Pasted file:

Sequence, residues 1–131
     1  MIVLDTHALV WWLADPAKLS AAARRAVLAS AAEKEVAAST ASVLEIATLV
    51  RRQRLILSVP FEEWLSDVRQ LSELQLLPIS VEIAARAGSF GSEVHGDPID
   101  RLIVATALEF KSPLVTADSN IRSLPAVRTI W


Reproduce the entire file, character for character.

Sequence, residues 1–131
     1  MIVLDTHALV WWLADPAKLS AAARRAVLAS AAEKEVAAST ASVLEIATLV
    51  RRQRLILSVP FEEWLSDVRQ LSELQLLPIS VEIAARAGSF GSEVHGDPID
   101  RLIVATALEF KSPLVTADSN IRSLPAVRTI W